Recently, in California, a car was pulled over for traveling just 24 miles per hour in a 35 mile per hour zone. CNN reported that traffic was backing up behind the vehicle and it was impeding traffic. When the officer approached the slow moving vehicle, he realized the car was a Google Autonomous vehicle. In an online post, Google said it capped the speed of its prototype cars at 25 miles an hour for safety reasons and so the vehicles would seem approachable and friendly.
While the car wasn’t ticketed because it was not committing any violation, the traffic stop raises interesting questions. When a car is driving itself, who is responsible if the car does break a law? More importantly, as a personal injury attorney, I want to know who is responsible if the driverless car causes an accident?
Who is Responsible for Accidents Caused by Driverless Cars?
In general, California fault laws make motorists responsible for car accidents they cause. Motorists who cause a collision by driving carelessly or breaking laws can be held liable for losses of injured crash victims. But when a car that is driving itself causes an accident, who will be accountable to victims?
The BBC reports that many of the car companies currently producing driverless cars have claimed they will take responsibility if the cars cause an accident. In 2015, the president of Volvo Cars gave a speech in Washington, DC warning that while the U.S. is leading in the development of autonomous driving vehicles, federal guidelines for testing and certification of the cars could slow down progress.
To try to expedite regulation and remove uncertainty, Volvo said it would take full responsibility and accept liability for any accident caused by a flaw in its car’s design. However, if a customer misuses the autonomous vehicle technology in an inappropriate way, or if a third party vehicle causes the crash to occur, then Volvo would not be liable. Under those circumstances, the person who misused the technology, or the driver of the third party vehicle, would be liable.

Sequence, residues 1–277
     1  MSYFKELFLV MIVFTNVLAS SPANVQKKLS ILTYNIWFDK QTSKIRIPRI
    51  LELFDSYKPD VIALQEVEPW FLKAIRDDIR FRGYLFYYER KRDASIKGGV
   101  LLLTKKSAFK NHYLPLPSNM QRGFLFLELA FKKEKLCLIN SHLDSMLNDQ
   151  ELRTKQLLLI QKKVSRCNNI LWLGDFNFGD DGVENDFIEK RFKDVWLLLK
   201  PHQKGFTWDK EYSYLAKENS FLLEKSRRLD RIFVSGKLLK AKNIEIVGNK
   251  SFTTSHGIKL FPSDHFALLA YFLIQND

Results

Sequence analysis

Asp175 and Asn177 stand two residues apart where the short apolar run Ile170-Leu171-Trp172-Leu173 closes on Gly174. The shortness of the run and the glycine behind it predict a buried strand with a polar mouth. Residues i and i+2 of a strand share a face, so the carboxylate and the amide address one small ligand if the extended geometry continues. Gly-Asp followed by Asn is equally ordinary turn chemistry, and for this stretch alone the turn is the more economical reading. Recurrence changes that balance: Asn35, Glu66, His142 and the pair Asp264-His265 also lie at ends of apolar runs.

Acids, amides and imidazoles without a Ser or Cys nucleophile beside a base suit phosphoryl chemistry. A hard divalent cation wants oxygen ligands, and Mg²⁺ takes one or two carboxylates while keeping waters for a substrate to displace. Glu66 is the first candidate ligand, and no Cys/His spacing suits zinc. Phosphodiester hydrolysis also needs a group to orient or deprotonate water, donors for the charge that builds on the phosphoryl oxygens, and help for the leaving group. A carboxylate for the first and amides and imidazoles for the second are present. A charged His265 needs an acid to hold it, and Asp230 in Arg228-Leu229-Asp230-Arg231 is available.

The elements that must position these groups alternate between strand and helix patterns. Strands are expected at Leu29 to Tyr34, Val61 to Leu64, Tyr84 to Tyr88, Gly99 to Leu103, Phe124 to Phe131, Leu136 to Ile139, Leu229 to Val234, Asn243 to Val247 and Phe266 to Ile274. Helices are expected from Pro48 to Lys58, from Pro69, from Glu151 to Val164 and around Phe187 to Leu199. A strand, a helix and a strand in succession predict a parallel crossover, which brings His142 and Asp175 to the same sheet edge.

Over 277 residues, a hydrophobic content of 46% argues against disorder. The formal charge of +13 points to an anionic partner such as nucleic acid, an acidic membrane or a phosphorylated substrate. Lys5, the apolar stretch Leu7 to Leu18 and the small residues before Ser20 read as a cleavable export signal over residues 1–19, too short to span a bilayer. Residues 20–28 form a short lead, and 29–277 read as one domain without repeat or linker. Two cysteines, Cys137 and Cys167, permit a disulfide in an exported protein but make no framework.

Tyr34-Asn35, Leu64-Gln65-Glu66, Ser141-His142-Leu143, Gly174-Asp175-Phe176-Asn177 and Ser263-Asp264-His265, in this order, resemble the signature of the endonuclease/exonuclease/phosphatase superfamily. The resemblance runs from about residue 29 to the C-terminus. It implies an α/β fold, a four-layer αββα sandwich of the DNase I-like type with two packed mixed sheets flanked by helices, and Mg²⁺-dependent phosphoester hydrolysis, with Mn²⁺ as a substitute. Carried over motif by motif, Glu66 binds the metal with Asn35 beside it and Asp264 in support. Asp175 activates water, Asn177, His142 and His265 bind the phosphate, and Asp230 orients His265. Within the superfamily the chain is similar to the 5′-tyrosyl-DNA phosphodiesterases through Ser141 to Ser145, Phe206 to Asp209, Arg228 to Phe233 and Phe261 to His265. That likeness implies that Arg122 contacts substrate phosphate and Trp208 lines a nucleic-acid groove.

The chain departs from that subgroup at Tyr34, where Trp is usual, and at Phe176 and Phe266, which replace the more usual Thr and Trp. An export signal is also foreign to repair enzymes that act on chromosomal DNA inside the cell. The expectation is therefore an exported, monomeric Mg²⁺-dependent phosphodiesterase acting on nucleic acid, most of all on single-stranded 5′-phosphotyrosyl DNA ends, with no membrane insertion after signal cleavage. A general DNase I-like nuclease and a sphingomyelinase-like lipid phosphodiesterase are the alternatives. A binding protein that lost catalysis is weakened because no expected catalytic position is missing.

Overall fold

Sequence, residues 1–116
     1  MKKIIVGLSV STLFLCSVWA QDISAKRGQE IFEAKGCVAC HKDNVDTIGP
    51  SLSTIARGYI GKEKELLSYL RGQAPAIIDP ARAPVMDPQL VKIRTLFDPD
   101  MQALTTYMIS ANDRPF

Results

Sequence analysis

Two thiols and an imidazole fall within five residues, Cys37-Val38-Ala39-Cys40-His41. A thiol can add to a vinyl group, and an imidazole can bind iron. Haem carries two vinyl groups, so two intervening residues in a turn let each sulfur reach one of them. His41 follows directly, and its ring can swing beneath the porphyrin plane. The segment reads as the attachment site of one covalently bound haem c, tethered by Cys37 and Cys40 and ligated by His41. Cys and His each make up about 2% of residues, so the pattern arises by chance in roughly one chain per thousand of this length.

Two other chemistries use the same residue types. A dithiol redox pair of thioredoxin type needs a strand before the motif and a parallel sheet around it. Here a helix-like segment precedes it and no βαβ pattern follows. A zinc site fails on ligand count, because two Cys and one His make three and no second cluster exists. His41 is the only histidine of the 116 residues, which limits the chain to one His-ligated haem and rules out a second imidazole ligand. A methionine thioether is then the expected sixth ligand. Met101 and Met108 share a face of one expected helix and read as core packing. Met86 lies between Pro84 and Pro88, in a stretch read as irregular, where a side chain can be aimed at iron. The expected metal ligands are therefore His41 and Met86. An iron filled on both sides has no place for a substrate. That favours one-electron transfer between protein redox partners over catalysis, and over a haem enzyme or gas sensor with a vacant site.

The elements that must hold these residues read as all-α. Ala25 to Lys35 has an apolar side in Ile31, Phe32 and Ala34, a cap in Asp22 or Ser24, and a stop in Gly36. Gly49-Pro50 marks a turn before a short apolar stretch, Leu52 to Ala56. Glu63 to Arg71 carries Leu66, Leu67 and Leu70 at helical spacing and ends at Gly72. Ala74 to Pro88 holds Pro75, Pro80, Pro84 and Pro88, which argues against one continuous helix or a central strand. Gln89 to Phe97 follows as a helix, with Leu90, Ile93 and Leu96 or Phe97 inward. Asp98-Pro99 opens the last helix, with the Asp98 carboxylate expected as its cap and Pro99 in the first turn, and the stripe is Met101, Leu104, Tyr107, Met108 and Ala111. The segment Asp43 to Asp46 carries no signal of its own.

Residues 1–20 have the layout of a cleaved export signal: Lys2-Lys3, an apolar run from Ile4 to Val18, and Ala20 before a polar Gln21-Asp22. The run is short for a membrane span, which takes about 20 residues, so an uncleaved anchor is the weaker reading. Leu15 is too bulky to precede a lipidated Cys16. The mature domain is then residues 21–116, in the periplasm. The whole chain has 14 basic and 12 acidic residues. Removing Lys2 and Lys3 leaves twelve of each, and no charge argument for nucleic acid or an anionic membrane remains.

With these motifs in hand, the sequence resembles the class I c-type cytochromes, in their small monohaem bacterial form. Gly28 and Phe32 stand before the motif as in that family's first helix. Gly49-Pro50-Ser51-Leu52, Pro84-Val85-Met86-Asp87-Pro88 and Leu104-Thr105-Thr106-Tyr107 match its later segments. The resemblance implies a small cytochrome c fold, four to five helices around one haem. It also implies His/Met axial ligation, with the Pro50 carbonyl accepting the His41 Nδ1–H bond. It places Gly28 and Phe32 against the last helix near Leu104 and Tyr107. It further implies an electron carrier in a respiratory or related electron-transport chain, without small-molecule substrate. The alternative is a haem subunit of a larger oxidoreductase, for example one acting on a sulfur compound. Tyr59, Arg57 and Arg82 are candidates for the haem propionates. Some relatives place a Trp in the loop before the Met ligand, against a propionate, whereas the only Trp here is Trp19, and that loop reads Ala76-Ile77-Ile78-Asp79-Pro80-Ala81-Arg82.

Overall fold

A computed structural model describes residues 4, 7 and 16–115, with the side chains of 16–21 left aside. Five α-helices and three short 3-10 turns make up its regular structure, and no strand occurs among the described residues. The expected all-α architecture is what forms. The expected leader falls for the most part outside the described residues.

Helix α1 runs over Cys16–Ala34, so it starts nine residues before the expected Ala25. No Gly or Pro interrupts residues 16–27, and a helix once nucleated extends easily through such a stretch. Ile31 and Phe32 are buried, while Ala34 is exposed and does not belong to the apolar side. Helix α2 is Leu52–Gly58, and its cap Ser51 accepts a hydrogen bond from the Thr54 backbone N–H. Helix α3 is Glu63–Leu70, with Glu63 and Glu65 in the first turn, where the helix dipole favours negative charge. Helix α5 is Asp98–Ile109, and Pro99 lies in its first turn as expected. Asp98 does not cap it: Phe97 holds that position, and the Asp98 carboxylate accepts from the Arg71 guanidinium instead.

Google has made similar statements about accepting responsibility in situations where an accident occurs because the autonomous car has a defect or malfunctions. One director of autonomous systems at Sheffield University told the BBC that Volvo’s statement about accepting liability could “pave the way for global legislation, and if other manufacturers take similar undertakings then legislation could be made simple.”
Despite these promises, it is not yet clear what will happen when driverless car crash cases started going to court. The car manufacturers could potentially be held liable for crashes caused by car defects under existing product liability rules, as they are now for defects in traditional cars that cause injury. However, product liability cases are generally more complex and take longer to settle or litigate than car accident cases. There will be questions raised in each case about what the actual problem was, and the technologies in autonomously operated cars could make it more difficult to prove if the car was at fault.
Until cases start coming before the courts it is difficult to know how these cases will play out in the real world. My fear is that injured accident victims will have to fight harder and wait longer to recover their damages.
How Can a Long Beach Personal Injury Attorney Help?
Your Injuries are Personal to Me
If you are involved in a crash with a driverless car or in any accident caused by a vehicle defect, you need to get help from a Long Beach personal injury attorney. Your injuries are personal to me, so I handle every aspect of your case until your claim is resolved.
Call the Law Office of Michael D. Waks at 888-394-1174 or use the convenient online contact form to schedule a free consultation to speak with me and learn how I can help if you’ve suffered a car accident injury.
You will be under no obligation and you will never pay any money unless you recover compensation for your losses.
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